U.S. oil plunges to 18-year low as lockdowns trigger market meltdown

NEW YORK (Reuters) - Oil prices plunged on Wednesday, with U.S. crude futures hitting an 18-year low, as governments worldwide accelerated lockdowns to counter the coronavirus pandemic.

FILE PHOTO: Pump jacks operate at sunset in Midland, Texas, U.S., February 11, 2019. REUTERS/Nick Oxford

Oil futures have lost more than half their value in the past 10 days as schools have closed, businesses have shuttered and governments worldwide have urged residents to limit gatherings. The decline in the U.S. market in the last 10 days is the largest ever for the contract since it was introduced in 1983.

“The market is cascading. It’s trying to search for a bottom and it doesn’t seem able to find one,” said Gene McGillian, vice president of research at Tradition Energy in Stamford, Connecticut. “There are fears of an economic collapse because of what this virus represents, globally.”

Global oil demand by the end of March could fall as much as 8 million to 9 million barrels per day (bpd), Goldman Sachs said.

Investors broadly fled risky assets again on Wednesday. U.S. stocks slumped, with the S&P 500 dropping 7%, while copper futures fell 6.9%.

U.S. crude CLc1 fell $6.58, or 24.4%, to settle at $20.37 a barrel. U.S. crude futures have lost 56% over last 10 days.

Brent crude LCOc1 settled down $3.85, or 13.4%, at $24.88 a barrel after dropping as low as $24.52, its weakest since 2003.

The oil market was already reeling after Saudi Arabia decided this month to dramatically increase supply since it and Russia could not agree to cut output in anticipation of weaker demand.

Saudi Arabia has ignored entreaties to act to balance the market, reiterating plans to maintain production at more than 12 million barrels per day, which would be a record.

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U.S. crude futures fell even after weekly U.S. data showed notable declines in gasoline and diesel inventories. Crude stocks rose by 2 million barrels, while gasoline and distillate inventories fell by 6.2 million and 2.9 million barrels, respectively.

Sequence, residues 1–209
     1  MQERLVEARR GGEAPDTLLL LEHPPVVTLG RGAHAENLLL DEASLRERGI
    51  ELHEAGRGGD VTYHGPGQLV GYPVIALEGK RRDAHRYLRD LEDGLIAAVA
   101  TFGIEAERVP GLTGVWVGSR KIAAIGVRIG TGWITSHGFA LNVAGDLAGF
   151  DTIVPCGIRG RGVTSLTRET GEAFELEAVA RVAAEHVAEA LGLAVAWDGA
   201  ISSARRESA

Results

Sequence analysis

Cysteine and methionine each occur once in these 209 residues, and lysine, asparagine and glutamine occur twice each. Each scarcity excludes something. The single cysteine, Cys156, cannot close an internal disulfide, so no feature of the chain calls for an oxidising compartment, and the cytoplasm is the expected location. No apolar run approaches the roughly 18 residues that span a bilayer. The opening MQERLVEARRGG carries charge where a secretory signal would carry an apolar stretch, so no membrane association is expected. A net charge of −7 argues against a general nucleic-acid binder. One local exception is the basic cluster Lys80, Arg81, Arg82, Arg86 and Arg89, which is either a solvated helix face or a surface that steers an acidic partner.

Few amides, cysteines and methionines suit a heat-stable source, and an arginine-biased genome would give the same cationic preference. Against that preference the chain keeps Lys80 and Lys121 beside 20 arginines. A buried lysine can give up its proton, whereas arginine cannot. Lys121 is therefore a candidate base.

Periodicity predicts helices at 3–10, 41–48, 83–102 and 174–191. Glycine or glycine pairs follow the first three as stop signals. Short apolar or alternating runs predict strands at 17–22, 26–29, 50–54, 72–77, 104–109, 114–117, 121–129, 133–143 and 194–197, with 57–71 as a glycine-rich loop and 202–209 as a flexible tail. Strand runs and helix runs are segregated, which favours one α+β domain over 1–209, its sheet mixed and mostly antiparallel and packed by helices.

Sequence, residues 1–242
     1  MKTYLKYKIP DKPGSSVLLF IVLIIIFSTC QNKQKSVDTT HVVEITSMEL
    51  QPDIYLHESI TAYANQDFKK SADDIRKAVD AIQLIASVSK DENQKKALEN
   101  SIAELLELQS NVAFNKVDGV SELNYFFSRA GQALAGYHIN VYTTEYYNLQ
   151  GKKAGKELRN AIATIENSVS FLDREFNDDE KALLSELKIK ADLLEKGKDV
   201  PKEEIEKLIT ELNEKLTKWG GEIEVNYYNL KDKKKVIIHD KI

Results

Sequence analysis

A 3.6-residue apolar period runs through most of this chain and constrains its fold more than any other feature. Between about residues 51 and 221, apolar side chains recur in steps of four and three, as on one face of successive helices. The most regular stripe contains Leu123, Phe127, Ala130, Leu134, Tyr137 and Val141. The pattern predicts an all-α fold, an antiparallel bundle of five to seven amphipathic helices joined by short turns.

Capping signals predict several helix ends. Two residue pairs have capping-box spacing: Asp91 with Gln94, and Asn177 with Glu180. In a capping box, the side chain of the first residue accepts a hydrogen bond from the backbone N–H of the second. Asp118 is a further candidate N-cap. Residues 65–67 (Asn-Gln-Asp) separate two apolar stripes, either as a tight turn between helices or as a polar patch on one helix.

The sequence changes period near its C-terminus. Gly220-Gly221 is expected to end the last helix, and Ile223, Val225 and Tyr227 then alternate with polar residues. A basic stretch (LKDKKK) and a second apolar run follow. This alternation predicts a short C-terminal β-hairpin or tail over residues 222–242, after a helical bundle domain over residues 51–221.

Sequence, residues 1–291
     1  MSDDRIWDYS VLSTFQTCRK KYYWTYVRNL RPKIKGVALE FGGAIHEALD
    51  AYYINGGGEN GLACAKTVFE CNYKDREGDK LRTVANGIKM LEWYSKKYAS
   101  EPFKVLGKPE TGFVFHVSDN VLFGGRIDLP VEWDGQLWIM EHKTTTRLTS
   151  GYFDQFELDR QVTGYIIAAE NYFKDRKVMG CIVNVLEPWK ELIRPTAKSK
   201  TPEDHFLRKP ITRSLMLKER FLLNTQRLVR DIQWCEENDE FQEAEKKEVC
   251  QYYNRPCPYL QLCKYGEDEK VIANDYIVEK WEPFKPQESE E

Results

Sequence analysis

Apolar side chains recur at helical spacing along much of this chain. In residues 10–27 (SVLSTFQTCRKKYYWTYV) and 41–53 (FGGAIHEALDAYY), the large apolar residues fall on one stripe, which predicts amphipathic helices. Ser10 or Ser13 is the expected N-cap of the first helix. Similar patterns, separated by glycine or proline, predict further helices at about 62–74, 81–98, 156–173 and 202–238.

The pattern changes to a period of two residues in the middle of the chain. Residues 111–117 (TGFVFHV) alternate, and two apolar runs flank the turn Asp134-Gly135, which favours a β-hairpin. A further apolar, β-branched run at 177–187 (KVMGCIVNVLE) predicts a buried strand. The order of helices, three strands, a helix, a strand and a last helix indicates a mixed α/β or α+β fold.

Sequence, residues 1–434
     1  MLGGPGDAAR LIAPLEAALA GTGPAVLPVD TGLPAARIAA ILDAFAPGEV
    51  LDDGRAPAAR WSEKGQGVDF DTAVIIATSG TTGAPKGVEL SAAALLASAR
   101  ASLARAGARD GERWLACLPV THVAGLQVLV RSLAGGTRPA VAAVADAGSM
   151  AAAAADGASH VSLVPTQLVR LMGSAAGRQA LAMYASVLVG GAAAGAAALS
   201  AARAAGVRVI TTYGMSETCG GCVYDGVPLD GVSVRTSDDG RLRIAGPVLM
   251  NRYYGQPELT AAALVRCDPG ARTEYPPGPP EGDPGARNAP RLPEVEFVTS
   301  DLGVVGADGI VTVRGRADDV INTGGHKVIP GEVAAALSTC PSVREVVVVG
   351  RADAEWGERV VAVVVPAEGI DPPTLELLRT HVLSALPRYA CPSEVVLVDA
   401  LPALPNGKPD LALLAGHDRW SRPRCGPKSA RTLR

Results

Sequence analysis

Goldman forecast a fall in Brent prices to as low as $20 in the second quarter. Rystad Energy projects a year-on-year decline in demand of 2.8 million bpd, or 2.8%, this year.


Analysts noted that the sharp fall in U.S. crude prices when compared with the international benchmark Brent reflected an increasingly dire outlook in physical markets. Traders believe the increased activity from Saudi Arabia will limit U.S. exports in coming weeks, and they anticipate storage filling rapidly as well as refiners cut runs, boxing in U.S. producers.

“Physical markets are virtually bidless,” said Scott Shelton, energy salesperson from United ICAP. “It tells me prices are going lower until either OPEC comes back to the table, or the U.S. E&Ps start announcing cuts to production.”

Iraq’s oil minister pleaded for an emergency meeting between members of the Organization of the Petroleum Exporting Countries (OPEC) and non-OPEC producers to discuss immediate action to support the market.

The Kremlin said that Russia would like to see the oil price higher. Saudi Arabia’s energy ministry, however, said it had directed national oil company Aramco to continue to supply crude oil at a record high 12.3 million bpd over the coming months.

“With the Saudis and Russians in a fierce battle for market share, it is difficult to see any quick resolution on this front,” ING said of Iraq’s request.

Japan’s trade bureau said crude imports into the world’s third-biggest economy in February were down 9% from a year earlier.

The world’s richest nations are preparing to unleash trillions of dollars of spending to reduce the economic fallout from the coronavirus, as businesses curtail operations in an effort to keep most workers at home.

Honda Motor Co 7267.T said on Wednesday it is halting production in North America for six days because of the anticipated decline in auto sales and will reduce production by about 40,000 vehicles.

Additional reporting by Aaron Sheldrick in Tokyo and Ahmad Ghaddar in London and Scott DiSavino in New York; Editing by David Gregorio, Tom Brown and Sonya Hepinstall